The probability of tossing tails is 1 − p (so here p is θ above). Suppose the outcome is 49 heads and 31 tails, and suppose the coin was taken from a box containing three coins: one which gives heads with probability p = ​13, one which gives heads with probability p = ​12 and another which gives heads with probability p = ​23. The coins have lost their labels, so which one it was is unknown. Using maximum likelihood estimation, the coin that has the largest likelihood can be found, given the data that were observed. By using the probability mass function of the binomial distribution with sample size equal to 80, number successes equal to 49 but for different values of p (the "probability of success"), the likelihood function (defined below) takes one of three values:

[math]\displaystyle{ \begin{align} \operatorname{\mathbb P}\bigl[\;\mathrm{H} = 49 \mid p=\tfrac{1}{3}\;\bigr] & = \binom{80}{49}(\tfrac{1}{3})^{49}(1-\tfrac{1}{3})^{31} \approx 0.000, \\[6pt] \operatorname{\mathbb P}\bigl[\;\mathrm{H} = 49 \mid p=\tfrac{1}{2}\;\bigr] & = \binom{80}{49}(\tfrac{1}{2})^{49}(1-\tfrac{1}{2})^{31} \approx 0.012, \\[6pt] \operatorname{\mathbb P}\bigl[\;\mathrm{H} = 49 \mid p=\tfrac{2}{3}\;\bigr] & = \binom{80}{49}(\tfrac{2}{3})^{49}(1-\tfrac{2}{3})^{31} \approx 0.054~. \end{align} }[/math]

The likelihood is maximized when p = ​23, and so this is the maximum likelihood estimate for p.

Discrete distribution, continuous parameter space

Now suppose that there was only one coin but its p could have been any value 0 ≤ p ≤ 1 . The likelihood function to be maximised is

[math]\displaystyle{ L(p) = f_D(\mathrm{H} = 49 \mid p) = \binom{80}{49} p^{49}(1 - p)^{31}~, }[/math]

and the maximisation is over all possible values 0 ≤ p ≤ 1 .

likelihood function for proportion value of a binomial process (n = 10)

One way to maximize this function is by differentiating with respect to p and setting to zero:

[math]\displaystyle{ \begin{align} 0 & = \frac{\partial}{\partial p} \left( \binom{80}{49} p^{49}(1-p)^{31} \right)~, \\[8pt] 0 & = 49 p^{48}(1-p)^{31} - 31 p^{49}(1-p)^{30} \\[8pt] & = p^{48}(1-p)^{30}\left[ 49 (1-p) - 31 p \right] \\[8pt] & = p^{48}(1-p)^{30}\left[ 49 - 80 p \right]~. \end{align} }[/math]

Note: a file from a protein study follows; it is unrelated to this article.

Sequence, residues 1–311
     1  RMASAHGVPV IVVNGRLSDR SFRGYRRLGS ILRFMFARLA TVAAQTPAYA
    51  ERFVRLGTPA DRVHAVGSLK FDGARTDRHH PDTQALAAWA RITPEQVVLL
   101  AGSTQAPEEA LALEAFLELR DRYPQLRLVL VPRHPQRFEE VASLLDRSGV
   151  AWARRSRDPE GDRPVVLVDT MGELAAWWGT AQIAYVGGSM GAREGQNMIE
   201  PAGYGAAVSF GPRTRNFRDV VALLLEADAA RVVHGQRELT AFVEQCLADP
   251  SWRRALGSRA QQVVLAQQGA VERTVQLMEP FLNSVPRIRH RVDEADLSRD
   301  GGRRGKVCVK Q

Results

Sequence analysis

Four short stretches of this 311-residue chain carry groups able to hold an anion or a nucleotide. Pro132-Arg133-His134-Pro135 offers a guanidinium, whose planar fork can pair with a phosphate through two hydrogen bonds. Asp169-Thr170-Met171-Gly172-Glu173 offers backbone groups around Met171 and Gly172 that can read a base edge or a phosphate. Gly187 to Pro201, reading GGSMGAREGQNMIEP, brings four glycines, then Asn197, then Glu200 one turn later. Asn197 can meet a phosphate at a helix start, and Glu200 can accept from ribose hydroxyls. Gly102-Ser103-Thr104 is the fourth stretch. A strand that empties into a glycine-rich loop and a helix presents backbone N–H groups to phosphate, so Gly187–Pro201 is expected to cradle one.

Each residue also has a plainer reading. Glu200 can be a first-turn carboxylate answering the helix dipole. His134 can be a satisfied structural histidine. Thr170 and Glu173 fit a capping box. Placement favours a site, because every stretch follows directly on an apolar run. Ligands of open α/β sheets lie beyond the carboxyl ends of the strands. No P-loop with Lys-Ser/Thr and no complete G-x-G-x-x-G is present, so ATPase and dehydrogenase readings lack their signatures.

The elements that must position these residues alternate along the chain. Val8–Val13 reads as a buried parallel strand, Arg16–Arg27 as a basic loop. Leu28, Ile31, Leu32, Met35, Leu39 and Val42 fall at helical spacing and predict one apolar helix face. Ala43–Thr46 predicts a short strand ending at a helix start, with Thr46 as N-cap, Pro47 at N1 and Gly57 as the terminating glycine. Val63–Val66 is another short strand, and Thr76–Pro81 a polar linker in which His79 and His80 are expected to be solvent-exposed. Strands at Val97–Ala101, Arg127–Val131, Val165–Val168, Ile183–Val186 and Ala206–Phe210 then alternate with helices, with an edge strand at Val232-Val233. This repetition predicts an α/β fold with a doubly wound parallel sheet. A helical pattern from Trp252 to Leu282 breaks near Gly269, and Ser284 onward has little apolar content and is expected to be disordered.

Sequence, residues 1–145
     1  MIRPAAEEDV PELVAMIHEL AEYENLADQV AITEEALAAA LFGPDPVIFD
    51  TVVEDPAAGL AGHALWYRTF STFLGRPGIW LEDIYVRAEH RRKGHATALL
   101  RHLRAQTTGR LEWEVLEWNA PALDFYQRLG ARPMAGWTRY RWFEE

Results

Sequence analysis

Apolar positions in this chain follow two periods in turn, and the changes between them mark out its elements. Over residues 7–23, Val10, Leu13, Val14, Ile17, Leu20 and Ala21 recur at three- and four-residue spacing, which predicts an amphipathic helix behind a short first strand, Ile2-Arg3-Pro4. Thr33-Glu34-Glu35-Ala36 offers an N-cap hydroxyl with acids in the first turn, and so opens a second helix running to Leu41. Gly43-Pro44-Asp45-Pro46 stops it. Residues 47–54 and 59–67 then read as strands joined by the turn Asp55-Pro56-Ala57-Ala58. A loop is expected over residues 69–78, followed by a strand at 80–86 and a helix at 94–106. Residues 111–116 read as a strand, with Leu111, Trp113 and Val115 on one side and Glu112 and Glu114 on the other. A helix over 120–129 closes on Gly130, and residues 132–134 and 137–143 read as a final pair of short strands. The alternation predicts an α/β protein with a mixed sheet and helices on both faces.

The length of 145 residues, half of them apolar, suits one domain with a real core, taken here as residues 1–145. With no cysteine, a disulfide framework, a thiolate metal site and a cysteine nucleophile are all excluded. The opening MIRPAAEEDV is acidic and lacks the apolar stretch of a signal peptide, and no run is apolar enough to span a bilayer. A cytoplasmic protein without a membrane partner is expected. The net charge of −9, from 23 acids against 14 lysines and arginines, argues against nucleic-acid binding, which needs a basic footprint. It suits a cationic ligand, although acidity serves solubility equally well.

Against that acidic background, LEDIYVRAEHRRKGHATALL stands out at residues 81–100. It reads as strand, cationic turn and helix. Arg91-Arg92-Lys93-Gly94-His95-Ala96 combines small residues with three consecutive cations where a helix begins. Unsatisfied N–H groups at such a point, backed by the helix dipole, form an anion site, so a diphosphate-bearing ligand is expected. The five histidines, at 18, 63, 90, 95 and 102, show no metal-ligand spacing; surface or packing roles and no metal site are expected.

This is a product of three terms. The first term is 0 when p = 0. The second is 0 when p = 1. The third is zero when p = ​4980. The solution that maximizes the likelihood is clearly p = ​4980 (since p = 0 and p = 1 result in a likelihood of 0). Thus the maximum likelihood estimator for p is ​4980.

This result is easily generalized by substituting a letter such as s in the place of 49 to represent the observed number of 'successes' of our Bernoulli trials, and a letter such as n in the place of 80 to represent the number of Bernoulli trials. Exactly the same calculation yields ​sn which is the maximum likelihood estimator for any sequence of n Bernoulli trials resulting in s 'successes'.

Continuous distribution, continuous parameter space

For the normal distribution [math]\displaystyle{ \mathcal{N}(\mu, \sigma^2) }[/math] which has probability density function

[math]\displaystyle{ f(x\mid \mu,\sigma^2) = \frac{1}{\sqrt{2\pi\sigma^2}\ } \exp\left(-\frac {(x-\mu)^2}{2\sigma^2} \right), }[/math]

the corresponding probability density function for a sample of n independent identically distributed normal random variables (the likelihood) is

[math]\displaystyle{ f(x_1,\ldots,x_n \mid \mu,\sigma^2) = \prod_{i=1}^n f( x_i\mid \mu, \sigma^2) = \left( \frac{1}{2\pi\sigma^2} \right)^{n/2} \exp\left( -\frac{ \sum_{i=1}^n (x_i-\mu)^2}{2\sigma^2}\right). }[/math]

This family of distributions has two parameters: θ = (μσ); so we maximize the likelihood, [math]\displaystyle{ \mathcal{L} (\mu,\sigma) = f(x_1,\ldots,x_n \mid \mu, \sigma) }[/math], over both parameters simultaneously, or if possible, individually.

Since the logarithm function itself is a continuous strictly increasing function over the range of the likelihood, the values which maximize the likelihood will also maximize its logarithm (the log-likelihood itself is not necessarily strictly increasing). The log-likelihood can be written as follows:

[math]\displaystyle{ \log\Bigl( \mathcal{L} (\mu,\sigma)\Bigr) = -\frac{\,n\,}{2} \log(2\pi\sigma^2) - \frac{1}{2\sigma^2} \sum_{i=1}^n (\,x_i-\mu\,)^2 }[/math]

(Note: the log-likelihood is closely related to information entropy and Fisher information.)

We now compute the derivatives of this log-likelihood as follows.